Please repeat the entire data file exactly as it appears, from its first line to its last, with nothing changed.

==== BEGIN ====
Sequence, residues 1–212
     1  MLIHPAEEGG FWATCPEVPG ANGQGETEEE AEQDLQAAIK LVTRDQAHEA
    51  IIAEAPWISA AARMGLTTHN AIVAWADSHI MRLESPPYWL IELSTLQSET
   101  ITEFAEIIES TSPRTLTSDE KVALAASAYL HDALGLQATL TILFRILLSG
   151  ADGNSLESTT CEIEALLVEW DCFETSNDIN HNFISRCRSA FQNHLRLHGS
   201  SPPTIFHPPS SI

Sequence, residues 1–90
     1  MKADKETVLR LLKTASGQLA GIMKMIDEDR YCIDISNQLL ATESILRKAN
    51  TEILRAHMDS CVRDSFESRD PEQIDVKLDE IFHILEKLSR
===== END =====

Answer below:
Sequence, residues 1–212
     1  MLIHPAEEGG FWATCPEVPG ANGQGETEEE AEQDLQAAIK LVTRDQAHEA
    51  IIAEAPWISA AARMGLTTHN AIVAWADSHI MRLESPPYWL IELSTLQSET
   101  ITEFAEIIES TSPRTLTSDE KVALAASAYL HDALGLQATL TILFRILLSG
   151  ADGNSLESTT CEIEALLVEW DCFETSNDIN HNFISRCRSA FQNHLRLHGS
   201  SPPTIFHPPS SI

Sequence, residues 1–90
     1  MKADKETVLR LLKTASGQLA GIMKMIDEDR YCIDISNQLL ATESILRKAN
    51  TEILRAHMDS CVRDSFESRD PEQIDVKLDE IFHILEKLSR